On Saturday, November 11, the Bailey College of the Environment (COE) hosted “Mobilizing Power: Community Building for Environmental Justice,” an event which brought together individuals to exchange knowledge, build relationships and skills for community organizing, and collaborate on action for environmental justice.
Malana Rogers-Bursen, the Project Coordinator for Food Security, Environmental Justice, and Sustainability at COE, and Hannah Phan ’25 created the event along with a small group of student leaders and faculty from Sunrise Wesleyan, the Environmental Solidarity Network (ESN), the COE and the Office of Sustainability, as well as community leaders from Save the Sound, Sustainable CT, and the Connecticut Department of Energy and Environmental Protection (CT DEEP).
“We wanted participants to feel supported and seen amongst many others who share the same passions as them towards environmental justice,” Rogers-Bursen said. “Judging from the responses at the end of the day, many did say that they felt inspired, motivated, empowered, and hopeful. People felt they could take more action towards environmental justice in the state.”
The day featured two workshop sessions, as well as a panel discussion with three community leaders and a group conversation. Workshop topics included community conservation programming, food recovery, community organizing of transportation, finding funding, and using art to fuel resistance.
Panelist Sarah Huang, Office Director of Environmental Justice at CT DEEP, spoke to the ways in which the department is focusing on ensuring that individuals, no matter their race, age, or gender, are not left out of the process as the state and nation grapples with environmental change.
“Our agency and our office is really trying to engage members of [environmental justice] communities, environmental organizations to make sure that we’re really there to listen to what it is that folks are experiencing on the ground,” Huang said. “We’re making sure that that gets reflected back in the way that we’re running our programs and the way that our agency operates and in state government.”
Joseph Dickerson, DEEP’s Senior Advisor for Outdoor Equity, echoed Huang’s emphasis on the creation of safe spaces within environmental justice communities.
“We know that this is a time in which the world is inflamed,” Dickerson said. “We know that many attitudes and opinions and heartfelt meaningful desires are being crushed in many places… We’re here together as a joint family, because we believe that environmental injustice should not exist. We recognise how impactful the environmental justice movement can be in creating the world that we all want to live in together. But we have to be willing to talk with each other and be united in our efforts together.”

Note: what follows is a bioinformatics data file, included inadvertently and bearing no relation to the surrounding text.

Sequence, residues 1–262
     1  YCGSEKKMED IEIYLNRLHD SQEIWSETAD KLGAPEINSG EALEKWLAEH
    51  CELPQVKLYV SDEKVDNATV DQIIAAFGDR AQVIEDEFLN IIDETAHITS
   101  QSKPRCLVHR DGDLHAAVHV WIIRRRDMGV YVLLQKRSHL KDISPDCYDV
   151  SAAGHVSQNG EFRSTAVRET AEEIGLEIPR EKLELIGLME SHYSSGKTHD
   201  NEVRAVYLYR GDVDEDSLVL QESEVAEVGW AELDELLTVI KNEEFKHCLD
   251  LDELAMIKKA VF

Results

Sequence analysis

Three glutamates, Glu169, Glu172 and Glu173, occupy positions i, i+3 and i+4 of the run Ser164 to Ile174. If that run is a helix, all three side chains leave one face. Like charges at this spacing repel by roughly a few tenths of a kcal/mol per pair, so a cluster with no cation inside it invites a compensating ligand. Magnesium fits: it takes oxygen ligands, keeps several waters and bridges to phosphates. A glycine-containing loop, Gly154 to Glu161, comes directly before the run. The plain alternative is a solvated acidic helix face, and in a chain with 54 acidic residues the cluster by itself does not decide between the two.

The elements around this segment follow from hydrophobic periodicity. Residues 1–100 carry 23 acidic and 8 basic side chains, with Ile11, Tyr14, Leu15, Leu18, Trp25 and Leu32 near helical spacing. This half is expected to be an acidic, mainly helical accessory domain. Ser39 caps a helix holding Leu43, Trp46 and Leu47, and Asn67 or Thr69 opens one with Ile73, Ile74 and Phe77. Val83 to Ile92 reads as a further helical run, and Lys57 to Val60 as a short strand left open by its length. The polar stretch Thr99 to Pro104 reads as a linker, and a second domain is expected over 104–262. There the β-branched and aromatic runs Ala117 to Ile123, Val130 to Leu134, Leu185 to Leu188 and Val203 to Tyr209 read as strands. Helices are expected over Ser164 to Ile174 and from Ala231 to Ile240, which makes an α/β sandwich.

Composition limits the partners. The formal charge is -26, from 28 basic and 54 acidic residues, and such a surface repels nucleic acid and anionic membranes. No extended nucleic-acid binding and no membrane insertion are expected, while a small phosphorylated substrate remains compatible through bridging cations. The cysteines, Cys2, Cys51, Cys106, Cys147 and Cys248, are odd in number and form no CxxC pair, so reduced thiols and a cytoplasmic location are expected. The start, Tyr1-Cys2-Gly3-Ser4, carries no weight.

Rogers-Bursen and Phan hope that the event helped bring the community of Wesleyan University and its surrounding areas closer together through discussion. During her presentation, Ashley Stewart, Manager of Community Engagement at Connecticut Green Bank, also discussed the tangible action points individuals and organizations can take to address how climate change is impacting groups across the nation.
“We have focused on creating jobs in our community, for our communities and how to make our communities more resilient to the impacts of climate changes,” Stewart said. “That’s everything for us, because those that are most vulnerable have already felt climate impacts for years. So we want to make sure that’s foremost.”
Participants echoed the need for infrastructure and policy to reflect the needs of the people. Kimberly Stoner, Director of Advocacy at The Northeast Organic Farming Association of Connecticut, pointed to the court case Held v. Montana as an example of the power youth activists have when they join together and petition for the government-protected right to a clean and stable climate. The 2020 lawsuit sought a declaration of right under the Montana constitution to a stable climate system and to compel the state to reduce greenhouse gas emissions.
Stoner is currently working to collect signatures for a similar bill in the Connecticut legislature. “We hope the intergenerational and cross-sector connections fostered through this event will strengthen the environmental justice organizing across the state,” Rogers-Bursen said.
Source : newsletter.blogs.wesleyan.edu